A KEEN sailor who rescued a kayaker who fell into the sea near Helensburgh last week says the man he saved is lucky to still be alive.

Helensburgh man Mike Heath was sailing his Laser dinghy on near Rhu marina when he saw a man fall into the water.

Mike, a mathematics professor at Strathclyde University, headed straight for the scene and managed to help the man into his small one-person boat before taking him to the shore near Rosneath Castle caravan park.

Describing what happened on the evening of Tuesday, June 16, Mike told the Advertiser: “It was about half past eight at night, and I’d been out sailing, as I do, coming down past Helensburgh and Rhu marina.

“I spotted two kayakers heading out from the marina and across towards the caravan park. I could see they weren’t wearing any lifejackets, and had no tops at all, only a pair of shorts.

“The surface was getting a little bit choppy; I saw one of them was struggling a bit, and the next moment he’s in the water.

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“The sort of kayaks they were in are very hard to handle in choppy waters, and over he went.

“Being in the water between Rhu and Rosneath is not a great place to be, so I went straight over to him and managed to get him on board my boat.

“To be fair to him, he was extremely contrite.

“His kayak had filled with water and sunk just below the surface – I couldn’t tow it, so I abandoned it and took him ashore to the caravan park.

“By this time his chum had come ashore and got himself an inflatable dinghy, and he was trying to go back out and recover the kayak, but he was starting to get into difficulty himself.

“Fortunately a police launch [from the Ministry of Defence Police’s Clyde marine unit] was passing by, and I was able to flag them down and they took it from there.”

Mike said the incident served as a salutary lesson in how quickly and easily things can go wrong on the water – and how important it is to be fully equipped before you set out.

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“People die doing what he did,” he continued.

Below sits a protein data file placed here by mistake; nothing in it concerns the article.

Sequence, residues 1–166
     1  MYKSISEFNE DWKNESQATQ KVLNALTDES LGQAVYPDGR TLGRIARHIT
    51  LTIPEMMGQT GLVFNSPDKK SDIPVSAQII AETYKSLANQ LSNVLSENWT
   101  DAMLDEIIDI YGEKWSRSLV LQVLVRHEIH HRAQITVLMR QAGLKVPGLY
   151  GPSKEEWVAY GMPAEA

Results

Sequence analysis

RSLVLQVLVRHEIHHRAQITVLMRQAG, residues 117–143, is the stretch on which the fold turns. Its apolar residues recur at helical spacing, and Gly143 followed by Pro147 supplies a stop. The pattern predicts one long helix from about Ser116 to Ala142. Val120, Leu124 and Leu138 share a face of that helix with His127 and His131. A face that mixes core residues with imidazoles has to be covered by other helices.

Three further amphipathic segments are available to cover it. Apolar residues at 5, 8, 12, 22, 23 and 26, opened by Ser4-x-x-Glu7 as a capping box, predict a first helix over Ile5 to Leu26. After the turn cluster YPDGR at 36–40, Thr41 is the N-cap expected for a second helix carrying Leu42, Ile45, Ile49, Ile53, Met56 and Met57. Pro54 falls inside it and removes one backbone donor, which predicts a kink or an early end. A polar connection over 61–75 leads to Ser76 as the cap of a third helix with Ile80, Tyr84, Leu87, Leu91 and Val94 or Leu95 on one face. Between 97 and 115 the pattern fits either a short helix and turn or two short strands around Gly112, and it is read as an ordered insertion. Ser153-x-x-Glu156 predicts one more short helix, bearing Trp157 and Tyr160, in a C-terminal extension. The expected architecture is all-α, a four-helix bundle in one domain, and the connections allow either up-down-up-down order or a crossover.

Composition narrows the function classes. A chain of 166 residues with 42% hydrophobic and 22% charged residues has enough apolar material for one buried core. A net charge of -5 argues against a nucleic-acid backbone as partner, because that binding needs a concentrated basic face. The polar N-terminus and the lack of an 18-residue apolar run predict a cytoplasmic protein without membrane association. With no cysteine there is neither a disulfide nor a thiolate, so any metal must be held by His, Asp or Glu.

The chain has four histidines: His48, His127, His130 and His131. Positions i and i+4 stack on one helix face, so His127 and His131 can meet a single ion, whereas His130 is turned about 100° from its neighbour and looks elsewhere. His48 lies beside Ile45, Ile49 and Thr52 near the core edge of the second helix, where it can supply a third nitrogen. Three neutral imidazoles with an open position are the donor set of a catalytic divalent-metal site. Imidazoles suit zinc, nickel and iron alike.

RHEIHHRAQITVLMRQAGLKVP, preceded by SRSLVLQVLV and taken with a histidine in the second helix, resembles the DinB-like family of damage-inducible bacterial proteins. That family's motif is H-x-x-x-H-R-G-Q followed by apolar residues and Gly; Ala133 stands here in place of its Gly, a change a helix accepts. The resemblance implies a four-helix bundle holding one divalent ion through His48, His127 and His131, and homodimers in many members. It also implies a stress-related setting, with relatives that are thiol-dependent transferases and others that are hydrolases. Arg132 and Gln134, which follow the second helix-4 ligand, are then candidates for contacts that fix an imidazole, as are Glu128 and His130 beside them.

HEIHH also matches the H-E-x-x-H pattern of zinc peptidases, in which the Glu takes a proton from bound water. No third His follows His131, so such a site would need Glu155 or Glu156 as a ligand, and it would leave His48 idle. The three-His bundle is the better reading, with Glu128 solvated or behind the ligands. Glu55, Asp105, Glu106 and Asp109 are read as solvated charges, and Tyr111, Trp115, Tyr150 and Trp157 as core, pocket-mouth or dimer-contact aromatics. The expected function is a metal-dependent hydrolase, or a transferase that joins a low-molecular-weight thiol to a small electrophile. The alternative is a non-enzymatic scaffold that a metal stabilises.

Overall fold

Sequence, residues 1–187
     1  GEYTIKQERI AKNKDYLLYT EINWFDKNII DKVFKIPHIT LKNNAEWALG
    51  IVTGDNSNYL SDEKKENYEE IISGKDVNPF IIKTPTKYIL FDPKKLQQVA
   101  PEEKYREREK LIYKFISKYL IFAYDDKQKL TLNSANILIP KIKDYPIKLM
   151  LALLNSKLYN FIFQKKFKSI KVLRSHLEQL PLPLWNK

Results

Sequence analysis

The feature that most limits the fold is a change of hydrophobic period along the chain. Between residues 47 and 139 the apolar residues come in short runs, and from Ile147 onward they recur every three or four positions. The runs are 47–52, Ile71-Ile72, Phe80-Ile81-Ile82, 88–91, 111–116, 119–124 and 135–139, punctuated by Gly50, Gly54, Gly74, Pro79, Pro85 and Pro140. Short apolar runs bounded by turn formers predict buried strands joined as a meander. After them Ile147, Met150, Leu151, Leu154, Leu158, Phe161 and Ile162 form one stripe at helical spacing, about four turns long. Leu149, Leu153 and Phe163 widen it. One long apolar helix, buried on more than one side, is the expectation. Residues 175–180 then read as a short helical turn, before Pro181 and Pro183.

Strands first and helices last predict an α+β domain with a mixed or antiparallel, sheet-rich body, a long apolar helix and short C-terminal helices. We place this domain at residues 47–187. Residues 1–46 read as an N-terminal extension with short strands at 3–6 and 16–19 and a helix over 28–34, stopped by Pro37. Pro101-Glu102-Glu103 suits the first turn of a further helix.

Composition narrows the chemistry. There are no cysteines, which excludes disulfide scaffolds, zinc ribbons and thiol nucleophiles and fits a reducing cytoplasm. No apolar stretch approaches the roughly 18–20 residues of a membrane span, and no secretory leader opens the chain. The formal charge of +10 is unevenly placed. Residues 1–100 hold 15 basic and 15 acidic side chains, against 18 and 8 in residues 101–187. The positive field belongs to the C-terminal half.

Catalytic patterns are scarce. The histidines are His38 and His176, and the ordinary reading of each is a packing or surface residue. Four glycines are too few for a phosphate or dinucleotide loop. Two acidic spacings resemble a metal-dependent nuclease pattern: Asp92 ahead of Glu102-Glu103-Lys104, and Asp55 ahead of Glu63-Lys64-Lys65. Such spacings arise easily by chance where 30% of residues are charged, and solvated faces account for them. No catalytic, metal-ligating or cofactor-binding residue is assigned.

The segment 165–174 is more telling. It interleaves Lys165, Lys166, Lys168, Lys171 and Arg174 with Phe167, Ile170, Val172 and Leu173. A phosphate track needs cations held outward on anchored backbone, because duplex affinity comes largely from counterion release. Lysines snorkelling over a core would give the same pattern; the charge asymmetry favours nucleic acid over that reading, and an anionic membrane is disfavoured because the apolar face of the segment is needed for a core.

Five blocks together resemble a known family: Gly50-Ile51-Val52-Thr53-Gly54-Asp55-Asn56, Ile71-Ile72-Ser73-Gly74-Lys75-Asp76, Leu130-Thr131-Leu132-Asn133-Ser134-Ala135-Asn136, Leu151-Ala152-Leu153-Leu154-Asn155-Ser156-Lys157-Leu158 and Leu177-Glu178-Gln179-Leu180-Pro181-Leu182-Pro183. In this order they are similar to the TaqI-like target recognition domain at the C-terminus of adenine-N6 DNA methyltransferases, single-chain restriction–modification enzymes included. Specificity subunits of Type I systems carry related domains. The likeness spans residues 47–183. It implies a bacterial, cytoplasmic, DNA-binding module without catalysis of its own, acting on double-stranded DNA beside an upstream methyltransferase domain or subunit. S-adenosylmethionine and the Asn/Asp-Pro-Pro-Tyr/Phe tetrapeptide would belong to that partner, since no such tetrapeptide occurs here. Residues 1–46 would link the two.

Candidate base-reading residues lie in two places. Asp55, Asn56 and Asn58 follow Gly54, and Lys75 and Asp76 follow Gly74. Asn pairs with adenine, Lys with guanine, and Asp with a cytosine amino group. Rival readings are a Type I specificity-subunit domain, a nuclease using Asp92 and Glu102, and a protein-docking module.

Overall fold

“The main point is: wear enough clothing. Above all, wear a lifejacket. And before you go out on the water, make sure that you know what to do if anything does happen.

“What would he have done if I hadn’t happened to be sailing past? I asked him what he’d have done if I hadn’t been there, and he said he’d have started swimming for the shore – and that’s deadly.

“You need to stay still and preserve your body heat – kettle up, and keep your arms close to your sides.

“Even on a lovely warm day above the surface it’s extremely cold when you’re in the water, and the tides there can be strong at times.”

The Firth of Clyde and the sea lochs near Helensburgh have seen more and more people during the fine spring and early summer weather – but Mike said he was concerned that too many people were setting out on the water without thinking of their own, and others’, safety.

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“It’s been wonderful to see so many people out enjoying the water in the good weather we’ve had during the lockdown,” he added.

“But an awful lot of people aren’t taking nearly enough safety precautions.

“The most crucial thing is to wear a lifejacket. That will keep you afloat, whatever happens.

“And if you’re not completely, 110 per cent, confident in your own abilities, don’t go out on the water on your own.

“Know your limits, and be careful, because things can go badly wrong very, very quickly.”

The RNLI’s Helensburgh lifeboat was not called to last week’s incident, as Mike was able to return the man to the shore without any problems.

But Howard Morrison, operations manager for the local lifeboat crew, reminded people in the area to take care when out on the water.

READ MORE: RNLI's Helensburgh crew joins search for missing man in the Firth of Clyde

Mr Morrison said: “As we move towards more relaxation of the restrictions in Scotland, we would like to remind water users to be prepared before returning to the water.

“As your boat has been sitting idle for the last few months, please ensure you have good fresh fuel in the tank and that your water and oil is at the correct level.

“Always check the weather forecast and sea conditions before you set off.

“Always wear a lifejacket; if you fall into the water unexpectedly, you are four times as likely to survive wearing one.

“Always carry a means for help. And do not put yourself, your family or the emergency services at risk.

“If you see someone in difficulty in the water, don’t delay. Contact the emergency services, and stay safe.”

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